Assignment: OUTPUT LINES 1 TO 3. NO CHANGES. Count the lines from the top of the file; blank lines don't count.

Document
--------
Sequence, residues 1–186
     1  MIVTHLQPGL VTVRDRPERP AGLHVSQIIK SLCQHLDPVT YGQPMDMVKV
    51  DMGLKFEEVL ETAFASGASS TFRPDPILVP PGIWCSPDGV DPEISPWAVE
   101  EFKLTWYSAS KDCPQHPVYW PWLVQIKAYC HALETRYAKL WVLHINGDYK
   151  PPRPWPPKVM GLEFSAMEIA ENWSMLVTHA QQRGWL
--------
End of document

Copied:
Sequence, residues 1–186
     1  MIVTHLQPGL VTVRDRPERP AGLHVSQIIK SLCQHLDPVT YGQPMDMVKV
    51  DMGLKFEEVL ETAFASGASS TFRPDPILVP PGIWCSPDGV DPEISPWAVE